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Denotation vs. Connotation

attent

[uh-tent] /əˈtɛnt/
adjective, Archaic.
1.
attentive; intent.
Origin of attent
1275-1325
1275-1325; Middle English < Latin attentus attentive (past participle of attendere), equivalent to atten(d)- (see attend) + -tus past participle suffix
Related forms
attently, adverb
Dictionary.com Unabridged
Based on the Random House Dictionary, © Random House, Inc. 2015.
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Examples from the Web for attent
Historical Examples
  • I wish these may please you, I shall be gratified if they do, pray write me, I will attent to all your Commands.

    Ten American Girls From History Kate Dickinson Sweetser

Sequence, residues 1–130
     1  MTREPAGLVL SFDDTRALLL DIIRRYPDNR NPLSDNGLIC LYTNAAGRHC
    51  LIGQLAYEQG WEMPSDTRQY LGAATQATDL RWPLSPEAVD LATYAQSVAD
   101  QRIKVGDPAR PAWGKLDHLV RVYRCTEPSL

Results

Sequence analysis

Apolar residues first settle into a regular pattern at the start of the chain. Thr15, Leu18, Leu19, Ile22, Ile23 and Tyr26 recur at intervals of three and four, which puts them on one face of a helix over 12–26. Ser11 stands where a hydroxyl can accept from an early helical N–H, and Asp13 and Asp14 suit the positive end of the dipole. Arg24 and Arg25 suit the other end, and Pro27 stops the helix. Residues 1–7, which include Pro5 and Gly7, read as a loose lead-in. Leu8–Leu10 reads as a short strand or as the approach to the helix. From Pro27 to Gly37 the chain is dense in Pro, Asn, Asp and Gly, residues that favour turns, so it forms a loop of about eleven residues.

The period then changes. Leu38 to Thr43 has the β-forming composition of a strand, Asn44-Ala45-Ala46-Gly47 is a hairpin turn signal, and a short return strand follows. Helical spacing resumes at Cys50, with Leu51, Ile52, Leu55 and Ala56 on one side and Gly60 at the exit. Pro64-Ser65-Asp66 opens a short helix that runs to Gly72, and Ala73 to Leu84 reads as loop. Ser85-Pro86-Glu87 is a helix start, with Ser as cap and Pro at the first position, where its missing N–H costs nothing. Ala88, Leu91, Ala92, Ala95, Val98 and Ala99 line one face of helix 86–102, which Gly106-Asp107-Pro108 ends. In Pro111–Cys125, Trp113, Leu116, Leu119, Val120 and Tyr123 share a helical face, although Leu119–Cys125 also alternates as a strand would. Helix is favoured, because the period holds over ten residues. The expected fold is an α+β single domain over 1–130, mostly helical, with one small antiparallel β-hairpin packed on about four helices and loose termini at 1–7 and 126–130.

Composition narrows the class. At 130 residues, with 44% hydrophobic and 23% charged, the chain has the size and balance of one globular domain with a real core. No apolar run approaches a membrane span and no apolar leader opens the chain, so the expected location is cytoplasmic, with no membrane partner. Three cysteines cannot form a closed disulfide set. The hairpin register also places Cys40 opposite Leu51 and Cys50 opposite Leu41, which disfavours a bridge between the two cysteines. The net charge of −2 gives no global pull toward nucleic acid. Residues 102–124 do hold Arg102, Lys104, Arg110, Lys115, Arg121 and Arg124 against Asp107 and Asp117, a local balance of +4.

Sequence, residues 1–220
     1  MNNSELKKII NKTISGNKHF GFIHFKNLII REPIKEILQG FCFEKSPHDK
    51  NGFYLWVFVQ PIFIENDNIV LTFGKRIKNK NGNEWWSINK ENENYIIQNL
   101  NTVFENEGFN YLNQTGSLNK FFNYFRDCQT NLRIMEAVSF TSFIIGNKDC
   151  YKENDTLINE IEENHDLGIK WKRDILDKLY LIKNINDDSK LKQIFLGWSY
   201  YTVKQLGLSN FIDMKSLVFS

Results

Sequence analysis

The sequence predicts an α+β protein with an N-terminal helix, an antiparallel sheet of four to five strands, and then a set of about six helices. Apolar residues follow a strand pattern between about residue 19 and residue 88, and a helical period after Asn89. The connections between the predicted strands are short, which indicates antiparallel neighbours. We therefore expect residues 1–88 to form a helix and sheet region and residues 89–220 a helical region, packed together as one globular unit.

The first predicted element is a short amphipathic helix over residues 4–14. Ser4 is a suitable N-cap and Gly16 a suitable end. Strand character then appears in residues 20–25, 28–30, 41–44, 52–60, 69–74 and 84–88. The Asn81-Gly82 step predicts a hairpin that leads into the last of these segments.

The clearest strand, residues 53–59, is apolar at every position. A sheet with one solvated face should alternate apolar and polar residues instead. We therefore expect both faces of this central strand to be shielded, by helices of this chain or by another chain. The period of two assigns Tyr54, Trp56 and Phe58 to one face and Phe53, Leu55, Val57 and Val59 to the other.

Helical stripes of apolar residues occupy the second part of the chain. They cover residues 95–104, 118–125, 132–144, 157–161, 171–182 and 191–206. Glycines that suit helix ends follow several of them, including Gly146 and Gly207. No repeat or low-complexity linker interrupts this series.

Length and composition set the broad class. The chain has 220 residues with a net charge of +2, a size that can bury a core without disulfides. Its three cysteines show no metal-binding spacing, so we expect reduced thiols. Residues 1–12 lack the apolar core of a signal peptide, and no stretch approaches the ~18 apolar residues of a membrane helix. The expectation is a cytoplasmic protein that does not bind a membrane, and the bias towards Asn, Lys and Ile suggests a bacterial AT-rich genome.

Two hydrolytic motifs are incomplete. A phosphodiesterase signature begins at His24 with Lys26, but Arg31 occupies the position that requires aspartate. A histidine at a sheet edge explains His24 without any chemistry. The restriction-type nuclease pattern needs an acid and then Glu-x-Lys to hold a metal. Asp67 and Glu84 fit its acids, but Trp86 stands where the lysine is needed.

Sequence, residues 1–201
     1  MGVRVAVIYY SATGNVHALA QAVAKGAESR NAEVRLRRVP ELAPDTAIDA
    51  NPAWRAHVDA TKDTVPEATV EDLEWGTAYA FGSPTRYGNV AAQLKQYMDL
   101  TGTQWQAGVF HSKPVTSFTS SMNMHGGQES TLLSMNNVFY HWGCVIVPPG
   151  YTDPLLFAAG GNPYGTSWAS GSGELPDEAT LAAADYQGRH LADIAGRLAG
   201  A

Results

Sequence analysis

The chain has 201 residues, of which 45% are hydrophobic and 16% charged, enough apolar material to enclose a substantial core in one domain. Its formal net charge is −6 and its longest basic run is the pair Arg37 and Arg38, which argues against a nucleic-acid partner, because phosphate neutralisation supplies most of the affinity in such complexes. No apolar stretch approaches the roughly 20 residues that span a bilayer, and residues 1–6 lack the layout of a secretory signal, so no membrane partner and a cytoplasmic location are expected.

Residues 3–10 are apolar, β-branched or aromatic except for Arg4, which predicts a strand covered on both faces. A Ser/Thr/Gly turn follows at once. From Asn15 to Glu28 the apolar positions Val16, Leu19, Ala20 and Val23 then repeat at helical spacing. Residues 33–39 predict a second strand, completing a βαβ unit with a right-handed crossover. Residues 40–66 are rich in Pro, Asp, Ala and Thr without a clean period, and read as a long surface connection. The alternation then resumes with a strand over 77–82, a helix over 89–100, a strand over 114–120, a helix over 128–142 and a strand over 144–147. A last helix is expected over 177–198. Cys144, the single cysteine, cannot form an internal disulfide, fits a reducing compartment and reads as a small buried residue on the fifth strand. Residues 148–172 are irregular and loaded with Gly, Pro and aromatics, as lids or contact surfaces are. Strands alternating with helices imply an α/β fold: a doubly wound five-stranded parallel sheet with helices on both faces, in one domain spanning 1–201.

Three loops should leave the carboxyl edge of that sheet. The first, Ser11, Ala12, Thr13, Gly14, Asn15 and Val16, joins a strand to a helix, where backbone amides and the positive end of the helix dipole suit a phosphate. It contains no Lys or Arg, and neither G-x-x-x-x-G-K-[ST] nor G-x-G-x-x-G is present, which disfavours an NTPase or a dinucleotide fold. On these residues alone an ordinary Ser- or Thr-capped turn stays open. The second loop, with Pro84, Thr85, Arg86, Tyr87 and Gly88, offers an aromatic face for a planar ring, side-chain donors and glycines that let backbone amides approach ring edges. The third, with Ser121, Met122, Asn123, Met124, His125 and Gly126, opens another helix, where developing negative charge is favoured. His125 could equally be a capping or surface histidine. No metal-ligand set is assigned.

• Our attent ion is then drawn to a large design representing the Terrestrial Paradise.

    Chantilly in History and Art Louise M. Richter
  • While her body was sleeping in this sweet hallucination of the senses, her mind was attent with a marvellous activity.

    The Marquis of Pealta (Marta y Mara) Armando Palacio Valds
  • And as thou walkest the street, keep thine eyes and thine ears open and attent, and learn ever what men say and think.

    The Lost Treasure of Trevlyn Evelyn Everett-Green
  • The end of it was, that father turned with mother, and had the Irish priest O'Shane to attent him afore he died.

  • He was the first bitter Secessionist I had met, and I listened with attent ear to his complaints of northern aggression.

    The Secret Service. Albert D. Richardson
  • Thus lord Aeneas with all attent retold alone the divine doom and the history of his goings.

Word Origin and History for attent
adj.

late 15c., "attentive," from Latin attentus, past participle of attendere (see attend). As a noun, "intention, aim" (early 13c.), from Old French atente "act of attending," from fem. of Latin attentus.

Online Etymology Dictionary, © 2010 Douglas Harper
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